The gravity of what is about to happen is finally settling in a bit. I had a series of four dreams two nights ago, each of which involved death or the threat of death in a different area/aspect of my life. I've taken this to mean that a certain part of me is about to die, so that I may be fully reborn as a priest of Christ's one, holy, catholic, and apostolic church. That doesn't make it any less scary, though in the final of the four dreams (which was the most direct and graphic), I had no sensation of fear or pain.

Last month sometime I had a neat ordination dream, too. In it I was walking across the lawn between my house and the church early one Sunday morning. I was to preach that Sunday. As I am walking I realize I am naked, but I am carrying a blue shirt on a hanger over my shoulder. I am not nervous or fearful that I am naked, it is just a matter of fact. I hear the voice of the Boss Man calling from behind me, "I see you." I turn and reply, "I know." I think to myself, "I know I'll get dressed once I get to church."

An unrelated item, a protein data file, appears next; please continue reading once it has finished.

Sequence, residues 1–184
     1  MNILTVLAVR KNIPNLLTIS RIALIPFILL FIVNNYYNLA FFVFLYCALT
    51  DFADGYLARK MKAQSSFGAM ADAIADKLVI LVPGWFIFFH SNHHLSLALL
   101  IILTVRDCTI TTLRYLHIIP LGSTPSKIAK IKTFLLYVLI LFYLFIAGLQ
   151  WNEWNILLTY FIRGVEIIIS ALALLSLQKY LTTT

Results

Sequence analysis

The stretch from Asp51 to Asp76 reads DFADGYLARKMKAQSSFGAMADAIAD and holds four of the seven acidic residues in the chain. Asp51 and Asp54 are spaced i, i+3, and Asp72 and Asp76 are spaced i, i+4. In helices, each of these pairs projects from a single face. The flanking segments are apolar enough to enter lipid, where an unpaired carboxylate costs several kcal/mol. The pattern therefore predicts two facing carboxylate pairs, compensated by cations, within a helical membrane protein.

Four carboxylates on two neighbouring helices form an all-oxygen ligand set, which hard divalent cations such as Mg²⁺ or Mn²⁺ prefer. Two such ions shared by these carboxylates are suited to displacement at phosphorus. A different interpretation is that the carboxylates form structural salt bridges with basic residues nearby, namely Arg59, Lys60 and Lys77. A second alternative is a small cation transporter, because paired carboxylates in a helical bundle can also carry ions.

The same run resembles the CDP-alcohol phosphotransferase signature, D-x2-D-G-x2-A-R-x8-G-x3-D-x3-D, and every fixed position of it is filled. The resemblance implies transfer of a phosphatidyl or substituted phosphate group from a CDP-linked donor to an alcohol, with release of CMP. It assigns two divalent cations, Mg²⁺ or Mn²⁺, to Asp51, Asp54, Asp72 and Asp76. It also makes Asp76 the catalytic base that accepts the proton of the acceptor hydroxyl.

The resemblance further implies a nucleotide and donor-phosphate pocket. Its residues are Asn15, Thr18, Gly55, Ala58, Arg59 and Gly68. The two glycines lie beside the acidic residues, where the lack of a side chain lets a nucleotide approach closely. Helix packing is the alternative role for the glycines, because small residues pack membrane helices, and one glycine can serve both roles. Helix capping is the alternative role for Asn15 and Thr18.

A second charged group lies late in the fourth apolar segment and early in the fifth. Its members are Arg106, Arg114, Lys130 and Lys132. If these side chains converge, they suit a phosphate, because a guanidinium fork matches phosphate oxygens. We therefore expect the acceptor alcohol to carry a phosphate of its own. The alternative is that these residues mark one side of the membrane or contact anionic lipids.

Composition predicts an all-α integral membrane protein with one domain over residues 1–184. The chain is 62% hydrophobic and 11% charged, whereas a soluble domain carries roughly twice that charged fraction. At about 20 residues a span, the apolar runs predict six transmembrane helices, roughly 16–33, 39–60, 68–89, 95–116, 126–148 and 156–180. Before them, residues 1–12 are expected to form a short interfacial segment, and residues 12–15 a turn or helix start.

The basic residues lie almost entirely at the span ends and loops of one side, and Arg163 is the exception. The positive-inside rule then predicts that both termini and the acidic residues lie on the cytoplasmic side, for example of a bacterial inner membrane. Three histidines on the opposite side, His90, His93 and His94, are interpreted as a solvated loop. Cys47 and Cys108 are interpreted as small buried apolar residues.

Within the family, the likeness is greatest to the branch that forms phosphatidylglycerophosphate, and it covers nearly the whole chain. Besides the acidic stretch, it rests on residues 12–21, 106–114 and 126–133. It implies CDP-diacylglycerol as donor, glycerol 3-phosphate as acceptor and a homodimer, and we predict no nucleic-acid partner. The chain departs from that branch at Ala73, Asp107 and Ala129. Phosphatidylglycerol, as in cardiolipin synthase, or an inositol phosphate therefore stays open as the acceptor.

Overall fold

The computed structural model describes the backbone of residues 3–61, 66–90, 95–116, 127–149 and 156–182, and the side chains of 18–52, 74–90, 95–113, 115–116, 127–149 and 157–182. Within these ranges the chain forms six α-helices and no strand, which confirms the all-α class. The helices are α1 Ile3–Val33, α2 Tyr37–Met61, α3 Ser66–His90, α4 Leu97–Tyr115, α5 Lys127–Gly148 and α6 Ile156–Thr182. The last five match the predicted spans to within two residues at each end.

So God, repair/fix/prepare my heart and soul to hear those words, "...and make him a priest in your Church."

-R

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Saturday, December 09, 2006


Fifth Bishop of the Diocese of SW Florida 

On the first ballot, by an overwhelming majority of both clergy and laity, the Rev. Dabney Smith was elected to the position of Bishop Coadjutor, and will assume responsibilites of the 5th Diocesan of SW Florida upon Bishop Lipscomb's retirement. May God be with you, Fr. Smith, and with our diocese.


-R

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Friday, December 08, 2006


Anxiety: Fair to Moderate 

The confluence of events occurring in my life right now, or preparing to occur, is astounding. When one considers them, it boggles the mind; when one lets them slow cook on the back burners of the mind, one finds oneself grouchy, anxious, and quick lipped.